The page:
On Tue, Jul 29, 2014 at 10:07:33AM +1000, Dave Chinner wrote:
> On Mon, Jul 28, 2014 at 12:19:25PM -0400, Brian Foster wrote:
> > On Fri, Jul 25, 2014 at 08:41:12AM +1000, Dave Chinner wrote:
> > > On Thu, Jul 24, 2014 at 10:22:58AM -0400, Brian Foster wrote:
> > > > + struct xfs_btree_cur *cur;
> > > > + struct xfs_agi *agi = XFS_BUF_TO_AGI(agbp);
> > > > + xfs_agnumber_t agno =
> > > > be32_to_cpu(agi->agi_seqno);
> > > > + xfs_agino_t previno;
> > > > + int error;
> > > > + int i;
> > > > + struct xfs_inobt_rec_incore rec;
> > > > +
> > > > + orec->ir_startino = NULLAGINO;
> > > > +
> > > > + cur = xfs_inobt_init_cursor(mp, tp, agbp, agno, btnum);
> > > > +
> > > > + previno = newino + count - XFS_INODES_PER_CHUNK;
> > > > + error = xfs_inobt_lookup(cur, previno, XFS_LOOKUP_GE, &i);
> > >
> > > You want XFS_LOOKUP_EQ, yes? i.e. XFS_LOOKUP_GE won't fail if the
> > > exact record for the inode chunk does not exist - it will return the
> > > next one in the btree.
> > >
> > Assuming variable sparse chunk granularity,
> Isn't the granularity fixed for the specific filesystem
> configuration as part of the on-disk format?
Sort of, but I'm thinking of that as a limitation of the imap code and
such. I'd like to avoid introducing more of such assumptions where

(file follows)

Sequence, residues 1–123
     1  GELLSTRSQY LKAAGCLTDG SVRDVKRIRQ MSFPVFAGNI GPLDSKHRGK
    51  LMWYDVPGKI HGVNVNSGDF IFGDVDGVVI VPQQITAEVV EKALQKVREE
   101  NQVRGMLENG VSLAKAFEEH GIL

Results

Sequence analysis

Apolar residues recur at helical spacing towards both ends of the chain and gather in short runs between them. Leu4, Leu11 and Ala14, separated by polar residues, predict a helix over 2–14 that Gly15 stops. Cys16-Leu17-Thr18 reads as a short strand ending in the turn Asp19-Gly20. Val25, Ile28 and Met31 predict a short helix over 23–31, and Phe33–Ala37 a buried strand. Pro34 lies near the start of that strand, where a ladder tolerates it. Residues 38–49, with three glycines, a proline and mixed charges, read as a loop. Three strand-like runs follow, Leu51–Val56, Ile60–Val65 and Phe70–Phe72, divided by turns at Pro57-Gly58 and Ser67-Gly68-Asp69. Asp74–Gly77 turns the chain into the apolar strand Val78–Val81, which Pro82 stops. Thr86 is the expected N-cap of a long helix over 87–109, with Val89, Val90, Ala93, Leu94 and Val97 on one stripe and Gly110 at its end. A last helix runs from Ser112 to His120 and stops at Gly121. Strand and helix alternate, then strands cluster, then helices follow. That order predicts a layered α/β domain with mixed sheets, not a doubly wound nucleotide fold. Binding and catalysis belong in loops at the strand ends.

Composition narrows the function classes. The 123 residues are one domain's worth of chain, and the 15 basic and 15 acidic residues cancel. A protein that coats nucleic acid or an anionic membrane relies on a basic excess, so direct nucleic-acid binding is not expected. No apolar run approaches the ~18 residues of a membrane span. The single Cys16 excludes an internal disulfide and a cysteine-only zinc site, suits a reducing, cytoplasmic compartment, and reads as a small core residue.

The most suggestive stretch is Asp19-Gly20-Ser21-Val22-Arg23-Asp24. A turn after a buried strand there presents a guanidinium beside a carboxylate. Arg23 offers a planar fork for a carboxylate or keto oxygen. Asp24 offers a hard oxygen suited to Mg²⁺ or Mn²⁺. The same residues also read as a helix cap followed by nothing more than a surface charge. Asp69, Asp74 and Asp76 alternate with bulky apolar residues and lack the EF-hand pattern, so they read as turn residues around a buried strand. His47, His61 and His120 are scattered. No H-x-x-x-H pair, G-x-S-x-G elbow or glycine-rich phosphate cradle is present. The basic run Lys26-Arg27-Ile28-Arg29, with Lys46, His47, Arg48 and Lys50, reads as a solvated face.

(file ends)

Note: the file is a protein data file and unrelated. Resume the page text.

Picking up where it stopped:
possible in the implementation. That's what I meant before about not
explicitly encoding it. I wanted to use the cluster size (now the
"spinoalignmt") only in the few places that needed the allocation size
and let the rest of the code make no assumptions and work against the
minimum granularity defined by the on-disk format (i.e., inodes per
holemask bit, inodes per record).
The only reason I had to base the sparse alloc. granularity on the
cluster size is so I don't have to go through and figure out how to fix
that inode buffer code as a dependency to get a basic mechanism working.
There's also the scenario where if the granularity can end up small
enough, I'm not sure we can reliably calculate the starting inode of a
record (unless we make changes in the allocation path). TBH, even if we
could, I'd rather keep the code flexible and warn/assert/error on the
failed assumption with more information.
> > I don't really know the
> > start ino of the record that potentially covers the new inode chunk.
> > Given that, we use the smallest possible start ino that could include
> > this chunk and search forward from there. As you've noted below, I
> > wasn't relying on failure here to detect the scenario where there is no
> > existing record.
> Ok, that's not how I thought the code was attempting to implement
> the "has record" check. My mistake - a comment explaining how the
> match is supposed to work would be helpful, I think.
Indeed, I'll add a comment with some context.
> However, with that in mind, why do you even bother calculating at
> "previno"? If you want the chunk that the "newino" lies in, then
> by definition it's going to be the first record at an equal or
> lower start inode number than newino. i.e.:
> xfs_inobt_lookup(cur, newino, XFS_LOOKUP_LE, &i);
> Will return either:
> - a match with startino <= newino < startino + XFS_INODES_PER_CHUNK
> - a match with startino + XFS_INODES_PER_CHUNK <= newino
> - a failure due to no record.
> i.e. the first case is the chunk record we want, the others are
> "does not exist" failures. We don't need to calculate the "previno"
> at all.
Yeah, that might be nicer. I'll try the search in the other direction.
> Dave Chinner
> xfs mailing list